Yeah, many of you may have thought that sometimes. You’re in the middle of a night rave in an abandoned industrial area with stroboscopic lights pulsing in rhythmic conjunction with the basslines and you can feel where the name “jungle” comes from. However, the roots of this term are deeper than expected and involve a mixture of the jamaican culture with the underground electronic music scene of the late ’80s.
The jamaican region that spans from Kingston to Trenchtown is called the “concrete jungle” from the locals. In this area, the traditional reggae and dancehall sounds were tested with the fast basslines of the drum and bass music, that rised from the slums of the big UK cities like London, Bristol, Manchester and Liverpool in the early ’90s. The result was amazing: raggamuffin vocals over reggae melodies with a heavy and fast drum and bass skeleton. Basically, a puff-puffing Mecha-Robo-Marley with a voice tuned at 60 Hz. This music found its celebration in the remixing of the reggae traditional songs, that still are part of the DJ sets selectas of many drum & bass events.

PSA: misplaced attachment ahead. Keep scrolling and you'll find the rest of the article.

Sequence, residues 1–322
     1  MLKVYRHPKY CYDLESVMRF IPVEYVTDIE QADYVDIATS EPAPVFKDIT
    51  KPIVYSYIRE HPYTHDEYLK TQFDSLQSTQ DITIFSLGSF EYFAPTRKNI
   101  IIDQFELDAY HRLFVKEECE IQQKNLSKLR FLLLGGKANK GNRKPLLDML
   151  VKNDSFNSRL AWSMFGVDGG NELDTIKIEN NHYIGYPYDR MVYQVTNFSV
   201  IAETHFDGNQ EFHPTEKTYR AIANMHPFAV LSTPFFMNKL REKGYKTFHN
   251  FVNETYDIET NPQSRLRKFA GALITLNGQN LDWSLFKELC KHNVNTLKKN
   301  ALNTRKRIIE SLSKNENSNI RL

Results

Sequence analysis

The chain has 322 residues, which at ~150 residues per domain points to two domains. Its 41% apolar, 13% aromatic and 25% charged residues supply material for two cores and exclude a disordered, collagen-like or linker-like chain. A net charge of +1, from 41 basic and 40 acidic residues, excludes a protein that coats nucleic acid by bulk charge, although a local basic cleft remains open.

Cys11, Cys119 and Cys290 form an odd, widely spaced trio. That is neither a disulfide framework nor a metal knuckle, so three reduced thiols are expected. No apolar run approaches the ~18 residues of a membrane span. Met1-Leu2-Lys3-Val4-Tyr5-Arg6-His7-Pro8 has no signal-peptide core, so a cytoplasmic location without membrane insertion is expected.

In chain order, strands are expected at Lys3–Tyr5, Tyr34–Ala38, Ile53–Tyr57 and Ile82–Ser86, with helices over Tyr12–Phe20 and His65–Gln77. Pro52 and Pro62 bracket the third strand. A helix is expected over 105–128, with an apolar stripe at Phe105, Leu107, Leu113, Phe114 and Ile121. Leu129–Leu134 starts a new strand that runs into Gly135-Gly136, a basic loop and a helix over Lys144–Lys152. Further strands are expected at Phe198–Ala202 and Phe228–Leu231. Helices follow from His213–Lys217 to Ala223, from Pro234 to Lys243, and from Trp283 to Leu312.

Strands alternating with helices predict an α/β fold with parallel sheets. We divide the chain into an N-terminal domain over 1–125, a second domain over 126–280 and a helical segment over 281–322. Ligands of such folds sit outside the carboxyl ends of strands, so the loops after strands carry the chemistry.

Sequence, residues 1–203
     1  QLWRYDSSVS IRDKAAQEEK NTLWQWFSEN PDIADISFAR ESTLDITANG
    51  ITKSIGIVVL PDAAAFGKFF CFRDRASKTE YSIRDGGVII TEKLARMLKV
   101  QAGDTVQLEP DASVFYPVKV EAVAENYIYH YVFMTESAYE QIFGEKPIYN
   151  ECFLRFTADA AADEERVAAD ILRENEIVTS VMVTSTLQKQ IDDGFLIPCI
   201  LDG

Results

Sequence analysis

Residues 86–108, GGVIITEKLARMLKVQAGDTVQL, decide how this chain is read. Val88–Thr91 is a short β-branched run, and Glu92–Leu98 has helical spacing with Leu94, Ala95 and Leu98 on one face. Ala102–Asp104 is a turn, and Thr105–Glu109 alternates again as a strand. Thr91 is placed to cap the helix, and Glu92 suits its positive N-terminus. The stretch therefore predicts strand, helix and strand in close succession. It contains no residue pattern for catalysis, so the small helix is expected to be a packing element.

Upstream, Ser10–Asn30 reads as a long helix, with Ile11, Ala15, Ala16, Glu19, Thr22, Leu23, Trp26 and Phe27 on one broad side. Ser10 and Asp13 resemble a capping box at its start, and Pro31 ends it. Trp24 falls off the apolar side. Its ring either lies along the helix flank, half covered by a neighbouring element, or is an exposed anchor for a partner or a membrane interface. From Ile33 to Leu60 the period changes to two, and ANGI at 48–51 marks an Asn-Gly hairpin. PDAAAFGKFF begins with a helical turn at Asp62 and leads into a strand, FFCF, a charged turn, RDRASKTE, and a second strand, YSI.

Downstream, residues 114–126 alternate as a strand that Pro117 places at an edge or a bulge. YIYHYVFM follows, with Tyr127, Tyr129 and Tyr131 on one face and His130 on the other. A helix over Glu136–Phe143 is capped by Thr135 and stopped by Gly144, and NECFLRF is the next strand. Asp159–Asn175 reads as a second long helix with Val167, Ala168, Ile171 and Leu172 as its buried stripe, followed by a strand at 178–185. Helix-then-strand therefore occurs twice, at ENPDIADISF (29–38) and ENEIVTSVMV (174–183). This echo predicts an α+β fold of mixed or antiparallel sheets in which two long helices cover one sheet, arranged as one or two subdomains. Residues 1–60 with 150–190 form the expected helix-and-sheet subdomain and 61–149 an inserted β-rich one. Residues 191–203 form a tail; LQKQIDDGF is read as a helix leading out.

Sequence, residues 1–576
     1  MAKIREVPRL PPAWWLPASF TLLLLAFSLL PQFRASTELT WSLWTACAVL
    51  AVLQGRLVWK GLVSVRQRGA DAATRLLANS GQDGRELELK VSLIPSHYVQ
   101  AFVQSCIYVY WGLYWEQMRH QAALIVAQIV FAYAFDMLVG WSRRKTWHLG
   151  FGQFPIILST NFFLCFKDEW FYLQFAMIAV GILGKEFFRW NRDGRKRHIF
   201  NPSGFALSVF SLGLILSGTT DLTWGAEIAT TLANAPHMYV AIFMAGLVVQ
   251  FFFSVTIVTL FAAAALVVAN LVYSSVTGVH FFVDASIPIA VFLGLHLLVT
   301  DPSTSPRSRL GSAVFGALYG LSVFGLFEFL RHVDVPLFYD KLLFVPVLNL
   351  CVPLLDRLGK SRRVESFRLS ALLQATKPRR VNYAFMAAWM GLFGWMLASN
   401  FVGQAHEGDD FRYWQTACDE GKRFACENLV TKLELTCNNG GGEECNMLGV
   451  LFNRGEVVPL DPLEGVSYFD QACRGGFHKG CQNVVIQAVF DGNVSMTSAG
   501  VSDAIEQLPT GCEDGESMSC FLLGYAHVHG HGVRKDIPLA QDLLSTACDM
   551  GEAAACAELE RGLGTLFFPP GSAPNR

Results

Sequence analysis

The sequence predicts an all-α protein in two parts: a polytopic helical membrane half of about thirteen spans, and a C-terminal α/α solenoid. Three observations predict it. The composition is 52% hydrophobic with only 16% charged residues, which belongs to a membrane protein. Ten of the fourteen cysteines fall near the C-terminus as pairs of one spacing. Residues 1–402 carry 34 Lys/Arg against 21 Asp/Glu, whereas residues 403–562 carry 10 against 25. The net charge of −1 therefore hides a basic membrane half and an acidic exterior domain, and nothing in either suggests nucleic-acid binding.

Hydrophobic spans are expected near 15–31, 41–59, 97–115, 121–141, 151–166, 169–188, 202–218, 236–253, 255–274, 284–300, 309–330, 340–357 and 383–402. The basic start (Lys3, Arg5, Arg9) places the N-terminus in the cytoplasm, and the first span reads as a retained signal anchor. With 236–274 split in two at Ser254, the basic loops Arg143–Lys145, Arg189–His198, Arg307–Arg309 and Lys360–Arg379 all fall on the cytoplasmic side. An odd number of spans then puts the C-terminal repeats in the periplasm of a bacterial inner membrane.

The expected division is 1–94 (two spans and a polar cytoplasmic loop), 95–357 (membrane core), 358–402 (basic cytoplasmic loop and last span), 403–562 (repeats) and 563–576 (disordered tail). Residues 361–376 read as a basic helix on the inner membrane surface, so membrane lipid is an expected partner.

Tell us about it, who wouldn’t dance to this:
In the early ’90s, Jungle music became one of the most diffused styles played at the raves, because Acid House was becoming part of the mainstream musical scene. Moreover, acid house raves ceased to be free-entry, leaving a lot of poor rave-aficionados outside the party. They didn’t like this.
During the mid-late ’90s this sound evolved and reached new horizons giving rise to the more known drum & bass sound. However, jungle music persisted in the scene because many listeners and DJs brought on the caraibic traditional sound of jungle while other ones turned into more futuristic and industrial directions. Nowadays, we know as Jungle that part of the drum & bass music that recalls reggae and dancehall elements together with the typical breakbeat drums and basslines.
Recalling an ancient jamaican saying: why did the Lion get lost? Because the jungle is massive.
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